Do you anticipate that your facility will be formally recognized in 2006 for pollution-prevention strategies, innovative design, or other environmental accomplishments? If so, please let us know and we'll consider it for the title of one of our 2006 Facilities of the Year, which will be featured in our magazine's September 2006 issue. Every year we single out the top U.S. industrial plants, water and wastewater treatment operations, landfills, or other facilities that have been recognized for outstanding environmental achievements by governmental regulators, trade associations, or other professional groups. The deadline for submissions is July 1, 2006. If you are interested, please contact Angela Neville, editor-in-chief, at aneville@stevenspublishing.com or (972) 687-6721.

Honorable Mention for Environmental Achievers

Atmos Energy, Franklin, Tenn., was honored with the 2005 Environmental Excellence in New Technology Award from the Southern Gas Association for using open-path Fourier transform infrared spectroscopy to monitor air quality during the remediation of a former manufactured gas plant site.

Bausch & Lomb, St. Louis, Mo., received an Honorable Mention from EPA Region 7 in connection with the agency's Pollution Prevention Award for the facility's hazardous waste reduction project, which resulted in the plant being reclassified as a small quantity generator.

The Commander, Navy Region Mid-Atlantic, Virginia Beach, Va., in April 2005 won the U.S. Department of Defense Environmental Quality Award and was recognized for its Regional Pollution Prevention Program for the success it has had in greatly reducing releases of toxic chemicals and off-site shipments of hazardous waste.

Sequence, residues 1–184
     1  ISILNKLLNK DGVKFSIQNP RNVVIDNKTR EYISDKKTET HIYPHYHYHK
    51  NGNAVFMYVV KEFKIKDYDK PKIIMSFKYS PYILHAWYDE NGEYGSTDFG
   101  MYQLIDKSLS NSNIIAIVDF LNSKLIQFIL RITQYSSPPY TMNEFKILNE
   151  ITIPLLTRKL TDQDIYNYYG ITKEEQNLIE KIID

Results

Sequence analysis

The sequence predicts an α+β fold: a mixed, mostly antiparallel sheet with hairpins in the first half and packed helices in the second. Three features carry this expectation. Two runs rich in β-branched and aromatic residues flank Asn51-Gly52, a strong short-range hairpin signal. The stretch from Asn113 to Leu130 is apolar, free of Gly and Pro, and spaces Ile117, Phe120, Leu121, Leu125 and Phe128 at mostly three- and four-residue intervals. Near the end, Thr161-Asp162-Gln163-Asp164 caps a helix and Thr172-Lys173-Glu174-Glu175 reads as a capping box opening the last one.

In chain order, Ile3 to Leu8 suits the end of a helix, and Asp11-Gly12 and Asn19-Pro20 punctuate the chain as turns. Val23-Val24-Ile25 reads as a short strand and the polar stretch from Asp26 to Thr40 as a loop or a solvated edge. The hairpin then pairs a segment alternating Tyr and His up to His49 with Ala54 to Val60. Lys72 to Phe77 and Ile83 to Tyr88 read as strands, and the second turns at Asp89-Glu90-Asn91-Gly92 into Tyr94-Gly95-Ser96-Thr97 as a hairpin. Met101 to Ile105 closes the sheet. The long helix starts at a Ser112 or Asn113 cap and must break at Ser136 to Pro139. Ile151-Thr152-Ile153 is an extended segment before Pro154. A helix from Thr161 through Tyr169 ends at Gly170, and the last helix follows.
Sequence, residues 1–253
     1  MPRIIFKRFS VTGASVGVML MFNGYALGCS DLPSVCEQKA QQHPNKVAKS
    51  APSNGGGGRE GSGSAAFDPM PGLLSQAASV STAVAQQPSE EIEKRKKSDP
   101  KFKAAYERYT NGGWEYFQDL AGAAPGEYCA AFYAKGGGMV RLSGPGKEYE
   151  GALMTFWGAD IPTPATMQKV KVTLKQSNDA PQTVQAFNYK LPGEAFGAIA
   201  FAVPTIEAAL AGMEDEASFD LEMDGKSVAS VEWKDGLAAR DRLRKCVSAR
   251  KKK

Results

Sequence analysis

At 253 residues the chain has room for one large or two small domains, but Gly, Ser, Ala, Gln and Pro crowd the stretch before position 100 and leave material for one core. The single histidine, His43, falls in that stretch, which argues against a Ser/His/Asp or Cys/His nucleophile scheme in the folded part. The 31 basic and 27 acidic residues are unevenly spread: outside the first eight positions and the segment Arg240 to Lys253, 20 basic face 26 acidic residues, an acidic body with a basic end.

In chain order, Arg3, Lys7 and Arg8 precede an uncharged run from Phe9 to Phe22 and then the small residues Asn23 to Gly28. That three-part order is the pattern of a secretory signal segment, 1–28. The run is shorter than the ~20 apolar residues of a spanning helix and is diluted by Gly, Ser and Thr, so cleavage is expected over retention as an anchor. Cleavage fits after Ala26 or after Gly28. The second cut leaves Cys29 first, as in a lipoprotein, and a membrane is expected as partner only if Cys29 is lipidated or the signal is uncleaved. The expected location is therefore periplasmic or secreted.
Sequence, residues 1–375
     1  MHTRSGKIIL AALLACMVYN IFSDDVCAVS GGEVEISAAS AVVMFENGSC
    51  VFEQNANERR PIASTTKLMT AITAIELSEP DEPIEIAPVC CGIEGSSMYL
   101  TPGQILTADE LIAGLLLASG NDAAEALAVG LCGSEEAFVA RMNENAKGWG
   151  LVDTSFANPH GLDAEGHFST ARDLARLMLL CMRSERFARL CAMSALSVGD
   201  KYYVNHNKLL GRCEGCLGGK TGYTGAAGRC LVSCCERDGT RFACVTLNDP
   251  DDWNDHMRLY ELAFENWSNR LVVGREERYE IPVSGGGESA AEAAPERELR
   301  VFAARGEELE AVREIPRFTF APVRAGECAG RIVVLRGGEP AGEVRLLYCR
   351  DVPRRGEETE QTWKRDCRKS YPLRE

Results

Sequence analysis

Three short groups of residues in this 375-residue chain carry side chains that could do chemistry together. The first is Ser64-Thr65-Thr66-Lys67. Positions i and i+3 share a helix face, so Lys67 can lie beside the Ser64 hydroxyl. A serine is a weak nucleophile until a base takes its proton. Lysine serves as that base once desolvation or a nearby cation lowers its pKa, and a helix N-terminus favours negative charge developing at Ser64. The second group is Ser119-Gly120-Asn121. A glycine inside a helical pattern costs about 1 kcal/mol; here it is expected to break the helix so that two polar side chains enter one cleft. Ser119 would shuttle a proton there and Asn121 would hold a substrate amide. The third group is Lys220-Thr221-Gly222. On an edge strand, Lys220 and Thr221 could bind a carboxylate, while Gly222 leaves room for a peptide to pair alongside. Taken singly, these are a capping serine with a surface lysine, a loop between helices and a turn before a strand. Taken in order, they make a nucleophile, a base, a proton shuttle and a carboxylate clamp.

Delta Airlines, Atlanta, Ga., received during 2003 and 2004 a total of four gold awards from the Georgia Water & Pollution Control Association (now known as the Georgia Association of Water Professionals) for its exemplary National Pollutant Discharge and Elimination System (NPDES) permit compliance record.

Hewlett Packard, Boise, Idaho, was awarded the 2005 Environmental Excellence Award by the Idaho Association of Commerce and Industry and was also recently inducted into EPA's National Environmental Performance Track Program.

The Iowa Army Ammunition Plant, operated by American Ordnance LLC, Middletown, Iowa, was honored by EPA Region 7 in 2002 and 2005 with the Pollution Prevention Environmental Excellence Awards for its fly-ash recycling program and its design of a new state of the art paint system that reduces waste.

Panasonic Shikoku Electronics Corp. of America, Vancouver, Wash., received the 2004 Environmental Stewardship of the Year award from the Port of Vancouver for the facility's environmental efforts related to the recycling of materials, the reduction of waste streams, and the cutting of energy consumption.

This article originally appeared in the 10/01/2005 issue of Environmental Protection.

About the Author

Angela Neville, JD, REM, is the former editorial director of Environmental Protection.